Traditional shops appearing in local news over the past twelve months has saddened me.
The essence of Spanish traditions are being challenged. Perhaps drowned is a better description.
Steadily franchises are taking over Spain. Already well established in large capitals such as Barcelona, Madrid and Valencia these shiny new stores are now flooding streets of provincial capitals too.
Spain´s Traditional Shops
Last month the café Commercial in Madrid closed, it had been in business for 100 years. Founded on 21st March 1887 it was also one of the first Madrid cafés to employ women.
Many small family businesses closed at the end of 2014. When Spain celebrated the New Year 2015 the dramatic increase in shop rent killed off many business. This happened due to the change in the ´Renta Antigua´. Generations of artisans and traders were forced to close their businesses. This means the end of trading for many characterful stores across Spain. Although Granada and Madrid are cities which particularly suffered.
In Granada there are not lots of fast food restaurants and coffee bars in the city centre. There are some but far less than in other similar sized towns. I´m sure that this is a good sign for the city.
Luckily locals here are used to their neighbourhood bar and are keen to pay 1 euro or 1.20 for their morning coffee.
This summer alone I have seen International franchises open up in both Granada and Almeria. These new businesses stand right next to traditional bars haberdashers and ironmongers. The worry is that the young Spanish shun the traditional stores for these shiny new international brands. Armed with their huge marketing machines and instantly recognizable branding.
I am not against progress; I would just prefer this to a little more balanced.
Perhaps people don´t take a moment to stop and realise that newest is not always best.
Traditional shops often have more variety and sell individual pieces, rather than pack.
The plight of the Spanish bar
Not only is the humble corner store impacted. Traditional Spanish bars across the country have to compete with new gastro bars (This reminds me of a similar situation in the British Public houses. The typical village pub vs the Gastro pub)
The new trendy bars (and place to be seen) are quickly popping up and taking over city centres. Sometimes the new places don´t have ´real´ waiters. Waiting staff can´t remember orders. They use tablets to punch in the drinks. Do they really have a good knowledge of their trade? Not always.
When I eat out I certain expect the restaurant staff to know about local produce and great recipes? But it seems now that it is more important for them to know about search engine optimisation to get their name out there to the masses.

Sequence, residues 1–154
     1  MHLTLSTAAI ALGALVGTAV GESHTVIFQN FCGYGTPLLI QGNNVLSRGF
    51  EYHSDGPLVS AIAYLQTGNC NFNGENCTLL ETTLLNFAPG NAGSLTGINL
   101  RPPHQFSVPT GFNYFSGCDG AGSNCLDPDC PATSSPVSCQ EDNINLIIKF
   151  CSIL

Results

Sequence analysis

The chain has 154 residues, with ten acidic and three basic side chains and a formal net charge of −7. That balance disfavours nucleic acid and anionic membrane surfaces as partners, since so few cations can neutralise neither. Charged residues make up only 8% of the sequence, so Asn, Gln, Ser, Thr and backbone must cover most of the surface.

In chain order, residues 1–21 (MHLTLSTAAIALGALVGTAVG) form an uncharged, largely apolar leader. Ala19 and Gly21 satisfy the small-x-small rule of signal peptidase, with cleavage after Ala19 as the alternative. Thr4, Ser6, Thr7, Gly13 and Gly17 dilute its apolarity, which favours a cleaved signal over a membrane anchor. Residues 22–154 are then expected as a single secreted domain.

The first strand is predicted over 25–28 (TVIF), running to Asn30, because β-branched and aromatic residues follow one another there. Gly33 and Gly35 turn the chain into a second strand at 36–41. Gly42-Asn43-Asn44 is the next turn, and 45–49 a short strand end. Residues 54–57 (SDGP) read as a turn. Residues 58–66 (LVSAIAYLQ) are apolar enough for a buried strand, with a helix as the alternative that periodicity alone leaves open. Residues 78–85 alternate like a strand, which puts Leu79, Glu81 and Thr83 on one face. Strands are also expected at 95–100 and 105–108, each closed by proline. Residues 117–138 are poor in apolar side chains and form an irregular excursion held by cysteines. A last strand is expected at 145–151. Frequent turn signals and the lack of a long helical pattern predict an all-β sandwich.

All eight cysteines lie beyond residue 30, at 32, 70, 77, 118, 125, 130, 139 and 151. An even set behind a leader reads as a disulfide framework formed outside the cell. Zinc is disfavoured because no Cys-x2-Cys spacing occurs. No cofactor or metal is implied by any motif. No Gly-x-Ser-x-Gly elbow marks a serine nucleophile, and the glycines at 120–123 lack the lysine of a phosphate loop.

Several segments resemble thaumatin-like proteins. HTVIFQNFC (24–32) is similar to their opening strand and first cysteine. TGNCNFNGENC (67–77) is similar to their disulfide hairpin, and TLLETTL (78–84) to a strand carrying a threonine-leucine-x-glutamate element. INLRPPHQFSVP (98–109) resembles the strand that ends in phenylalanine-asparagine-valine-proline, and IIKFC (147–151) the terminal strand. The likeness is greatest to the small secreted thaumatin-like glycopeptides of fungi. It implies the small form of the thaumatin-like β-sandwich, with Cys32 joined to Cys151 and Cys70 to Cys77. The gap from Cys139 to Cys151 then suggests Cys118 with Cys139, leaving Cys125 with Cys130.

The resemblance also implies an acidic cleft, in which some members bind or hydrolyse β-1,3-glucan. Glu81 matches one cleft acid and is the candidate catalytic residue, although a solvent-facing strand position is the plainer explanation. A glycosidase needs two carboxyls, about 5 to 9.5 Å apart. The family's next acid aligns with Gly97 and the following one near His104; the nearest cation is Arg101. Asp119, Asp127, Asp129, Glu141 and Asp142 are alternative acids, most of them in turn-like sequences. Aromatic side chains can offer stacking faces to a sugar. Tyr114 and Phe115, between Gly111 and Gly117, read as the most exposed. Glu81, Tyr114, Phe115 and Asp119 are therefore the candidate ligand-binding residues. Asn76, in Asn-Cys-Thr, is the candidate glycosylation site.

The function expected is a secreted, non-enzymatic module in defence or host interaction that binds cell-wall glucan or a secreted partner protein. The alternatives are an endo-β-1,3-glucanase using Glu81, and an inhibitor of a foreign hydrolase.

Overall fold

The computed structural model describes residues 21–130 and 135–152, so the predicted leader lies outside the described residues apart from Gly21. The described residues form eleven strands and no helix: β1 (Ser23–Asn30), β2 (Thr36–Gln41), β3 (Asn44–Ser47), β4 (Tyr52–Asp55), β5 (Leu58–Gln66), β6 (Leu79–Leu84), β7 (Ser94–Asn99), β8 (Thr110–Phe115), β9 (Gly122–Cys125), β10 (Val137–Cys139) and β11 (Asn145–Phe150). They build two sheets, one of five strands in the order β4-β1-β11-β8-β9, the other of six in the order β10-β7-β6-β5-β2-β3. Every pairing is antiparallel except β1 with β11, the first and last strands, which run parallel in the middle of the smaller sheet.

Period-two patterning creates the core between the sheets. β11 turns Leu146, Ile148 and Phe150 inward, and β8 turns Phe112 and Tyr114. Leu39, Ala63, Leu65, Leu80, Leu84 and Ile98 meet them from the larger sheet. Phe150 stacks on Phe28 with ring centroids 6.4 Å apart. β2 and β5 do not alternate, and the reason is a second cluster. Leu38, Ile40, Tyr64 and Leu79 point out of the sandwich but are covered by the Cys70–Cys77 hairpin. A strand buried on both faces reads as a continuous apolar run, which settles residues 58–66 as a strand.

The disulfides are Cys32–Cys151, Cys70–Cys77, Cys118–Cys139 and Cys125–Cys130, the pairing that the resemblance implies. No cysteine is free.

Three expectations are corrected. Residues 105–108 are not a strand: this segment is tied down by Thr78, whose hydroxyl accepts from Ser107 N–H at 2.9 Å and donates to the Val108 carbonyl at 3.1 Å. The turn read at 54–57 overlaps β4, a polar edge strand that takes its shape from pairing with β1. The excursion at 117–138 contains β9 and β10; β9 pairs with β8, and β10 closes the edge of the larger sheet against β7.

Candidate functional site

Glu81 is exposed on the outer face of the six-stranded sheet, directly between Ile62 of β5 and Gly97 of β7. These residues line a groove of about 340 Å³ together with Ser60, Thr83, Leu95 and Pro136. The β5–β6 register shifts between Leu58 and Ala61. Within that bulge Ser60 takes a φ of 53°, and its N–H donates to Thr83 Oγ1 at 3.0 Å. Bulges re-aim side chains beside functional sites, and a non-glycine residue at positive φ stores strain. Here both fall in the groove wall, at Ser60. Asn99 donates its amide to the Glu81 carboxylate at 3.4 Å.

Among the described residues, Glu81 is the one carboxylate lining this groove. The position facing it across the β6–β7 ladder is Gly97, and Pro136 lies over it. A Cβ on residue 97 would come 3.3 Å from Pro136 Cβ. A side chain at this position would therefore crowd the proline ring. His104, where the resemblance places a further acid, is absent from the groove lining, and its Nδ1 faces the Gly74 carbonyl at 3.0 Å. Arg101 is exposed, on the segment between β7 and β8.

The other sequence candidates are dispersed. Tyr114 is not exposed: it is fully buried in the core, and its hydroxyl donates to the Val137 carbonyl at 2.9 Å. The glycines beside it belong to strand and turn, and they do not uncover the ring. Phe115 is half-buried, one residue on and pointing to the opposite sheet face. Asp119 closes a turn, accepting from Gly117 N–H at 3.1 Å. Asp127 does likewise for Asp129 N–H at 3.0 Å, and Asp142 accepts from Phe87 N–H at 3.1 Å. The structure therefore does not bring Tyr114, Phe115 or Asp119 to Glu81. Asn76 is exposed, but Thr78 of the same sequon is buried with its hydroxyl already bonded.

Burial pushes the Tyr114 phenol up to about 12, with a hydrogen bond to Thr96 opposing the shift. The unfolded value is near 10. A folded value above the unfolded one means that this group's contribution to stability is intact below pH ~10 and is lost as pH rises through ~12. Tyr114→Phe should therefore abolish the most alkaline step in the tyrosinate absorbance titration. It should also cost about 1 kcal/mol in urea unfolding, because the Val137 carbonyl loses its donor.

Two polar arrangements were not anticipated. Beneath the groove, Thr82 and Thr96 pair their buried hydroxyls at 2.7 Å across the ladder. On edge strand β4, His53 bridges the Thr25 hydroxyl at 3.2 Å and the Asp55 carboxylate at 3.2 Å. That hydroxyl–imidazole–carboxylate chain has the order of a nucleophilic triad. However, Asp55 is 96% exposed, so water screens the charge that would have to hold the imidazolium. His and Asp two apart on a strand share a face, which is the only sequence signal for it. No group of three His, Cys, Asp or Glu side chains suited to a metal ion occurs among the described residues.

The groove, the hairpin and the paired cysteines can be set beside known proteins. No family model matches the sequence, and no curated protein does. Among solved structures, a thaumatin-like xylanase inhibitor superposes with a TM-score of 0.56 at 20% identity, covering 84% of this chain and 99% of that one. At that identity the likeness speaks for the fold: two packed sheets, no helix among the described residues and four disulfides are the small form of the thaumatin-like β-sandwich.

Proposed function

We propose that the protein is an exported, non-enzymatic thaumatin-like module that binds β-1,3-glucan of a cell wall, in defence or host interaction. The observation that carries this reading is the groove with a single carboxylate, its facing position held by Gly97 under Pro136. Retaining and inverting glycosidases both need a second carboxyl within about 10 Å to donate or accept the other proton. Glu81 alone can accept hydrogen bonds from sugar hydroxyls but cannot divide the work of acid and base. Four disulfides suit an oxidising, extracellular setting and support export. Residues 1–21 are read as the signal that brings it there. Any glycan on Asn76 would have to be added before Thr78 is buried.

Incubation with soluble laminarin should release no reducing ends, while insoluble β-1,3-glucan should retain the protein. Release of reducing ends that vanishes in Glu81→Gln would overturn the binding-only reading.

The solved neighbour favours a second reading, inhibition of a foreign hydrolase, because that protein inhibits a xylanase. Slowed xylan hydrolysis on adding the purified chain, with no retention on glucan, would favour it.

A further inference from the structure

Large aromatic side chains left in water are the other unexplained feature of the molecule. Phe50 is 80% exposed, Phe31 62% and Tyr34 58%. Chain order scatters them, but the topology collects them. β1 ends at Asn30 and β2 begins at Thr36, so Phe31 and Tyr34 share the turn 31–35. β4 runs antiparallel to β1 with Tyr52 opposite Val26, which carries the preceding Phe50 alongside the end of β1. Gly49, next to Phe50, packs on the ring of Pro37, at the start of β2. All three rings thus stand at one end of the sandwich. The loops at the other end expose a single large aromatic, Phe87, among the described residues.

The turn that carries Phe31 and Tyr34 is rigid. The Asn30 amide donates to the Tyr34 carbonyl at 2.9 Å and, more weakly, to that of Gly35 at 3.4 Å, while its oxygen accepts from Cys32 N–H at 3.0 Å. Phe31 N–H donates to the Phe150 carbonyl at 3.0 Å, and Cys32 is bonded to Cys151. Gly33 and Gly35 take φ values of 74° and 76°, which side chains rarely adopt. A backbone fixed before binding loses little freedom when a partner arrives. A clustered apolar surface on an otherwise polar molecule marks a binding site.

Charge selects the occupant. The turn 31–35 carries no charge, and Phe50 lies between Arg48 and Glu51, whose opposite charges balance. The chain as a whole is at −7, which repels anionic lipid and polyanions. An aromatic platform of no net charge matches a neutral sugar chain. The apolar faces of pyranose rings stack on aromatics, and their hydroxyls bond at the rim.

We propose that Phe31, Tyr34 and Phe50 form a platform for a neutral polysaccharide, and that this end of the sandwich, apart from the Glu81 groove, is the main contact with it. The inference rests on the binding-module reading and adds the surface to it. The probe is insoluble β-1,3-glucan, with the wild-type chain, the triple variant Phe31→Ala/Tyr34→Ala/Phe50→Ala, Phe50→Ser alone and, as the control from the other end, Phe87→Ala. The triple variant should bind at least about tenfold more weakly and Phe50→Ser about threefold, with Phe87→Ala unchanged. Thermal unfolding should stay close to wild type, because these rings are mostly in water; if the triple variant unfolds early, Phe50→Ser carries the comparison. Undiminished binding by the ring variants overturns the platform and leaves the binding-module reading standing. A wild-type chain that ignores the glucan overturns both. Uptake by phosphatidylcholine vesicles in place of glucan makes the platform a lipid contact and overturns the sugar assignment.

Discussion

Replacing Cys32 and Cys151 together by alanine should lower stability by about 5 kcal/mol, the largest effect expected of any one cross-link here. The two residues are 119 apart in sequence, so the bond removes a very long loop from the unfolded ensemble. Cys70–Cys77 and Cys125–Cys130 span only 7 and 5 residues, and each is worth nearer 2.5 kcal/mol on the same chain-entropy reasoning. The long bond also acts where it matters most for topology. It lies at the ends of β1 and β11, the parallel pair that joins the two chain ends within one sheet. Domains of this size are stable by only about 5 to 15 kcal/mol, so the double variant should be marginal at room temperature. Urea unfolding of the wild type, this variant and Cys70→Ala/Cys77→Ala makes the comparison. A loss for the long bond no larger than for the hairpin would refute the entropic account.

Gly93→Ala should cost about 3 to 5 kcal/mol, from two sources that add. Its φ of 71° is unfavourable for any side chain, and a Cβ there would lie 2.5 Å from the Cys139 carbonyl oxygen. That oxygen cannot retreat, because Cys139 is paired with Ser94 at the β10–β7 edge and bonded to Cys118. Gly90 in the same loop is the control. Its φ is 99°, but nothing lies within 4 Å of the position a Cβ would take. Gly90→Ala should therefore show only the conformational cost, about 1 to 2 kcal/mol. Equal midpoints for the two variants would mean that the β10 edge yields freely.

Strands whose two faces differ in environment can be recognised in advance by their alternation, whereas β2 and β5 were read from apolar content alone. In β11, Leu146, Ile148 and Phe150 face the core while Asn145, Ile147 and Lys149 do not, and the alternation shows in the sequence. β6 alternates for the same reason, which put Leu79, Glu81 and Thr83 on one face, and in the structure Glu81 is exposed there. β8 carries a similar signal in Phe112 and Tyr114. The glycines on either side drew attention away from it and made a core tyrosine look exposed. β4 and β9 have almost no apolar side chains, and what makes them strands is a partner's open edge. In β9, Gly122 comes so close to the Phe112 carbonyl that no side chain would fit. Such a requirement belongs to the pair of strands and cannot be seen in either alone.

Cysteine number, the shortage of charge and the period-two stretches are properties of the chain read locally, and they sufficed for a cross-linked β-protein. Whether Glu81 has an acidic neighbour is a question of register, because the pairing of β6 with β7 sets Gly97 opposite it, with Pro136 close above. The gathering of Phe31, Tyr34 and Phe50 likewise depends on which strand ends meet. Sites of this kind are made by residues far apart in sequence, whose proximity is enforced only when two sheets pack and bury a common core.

I know which I prefer.
Having a smart interior and a square plate seems to go along way these days. Myself I´m more about provenance. (I live in Andalusia which is suffering high unemployment so I want to support local businesses and producers) Why use apples from South America if I can have them from a local village in Granada province?
Up until recently I visited a bar every day for coffee and toast. The waiter knew exactly what my order was Mon-Friday (Leche Manchada + tostada integral con jamon york) and then what the order was on weekends and bank holidays. (Leche manchada + suizo mixto)
The service is personal. This waiter knew when my football team had won or lost and which newspaper I read. (only one of the four papers win that the bar had available) When I walked past the window on the way into the bar he was already preparing my order most days. This attention to detail kept me a loyal customer day in day out. Sadly the owner retired and the café is now run by other people. It´s not the same.
In July I was at one of the main Spanish airports and went to buy bottled water. They were only selling a french brand. However the bottle had a fancy label with the monuments of Spain on it. A bottle of overpriced water with a label encouraging me to Enjoy Spain really isn´t going to work for me I´m afraid. Solan de Cabras, Lanjaron, Font Vella… they have some many others to choose from.
It makes me think that I must be the only one questioning these trends. When I am travelling in Spain I want to support Spanish companies and brands as much as I possibly can.
Pick a traditional Spanish bar
- Look out for a large metal or wooden counter.
- On the bar somewhere there will be a glass display case with the days tapas or pastries laid out.
- There may even be a litter of paper napkins on the floor.
- The people in the bar are locals.
Here´s a video in Spanish about the situation of traditional bars in Madrid
What is the solution?
Maybe we are too far down this road to resolve this situation but there are some things that could help. City planning and parking certainly isn´t helping at the moment. Historic old towns don´t allow space for lots of car and car parks are very expensive.
Some of the Food markets in Spain are undergoing revamps to provide tapas and gourmet experiences as well as great produce. This way they have business in mornings and afternoons.
Maybe traditional places can offer WiFi to bring in a younger crowd (if they don´t already offer it)
The main way to slow down this grim trend is by voting with your feet. If you use these traditional shops and bars then they may survive.
But are there enough of us?
If not sadly the identity of Spanish cities seems to be at risk of being lost forever
Feel free to recommend in the comments Traditional Shops and Businesses in Spain which you know…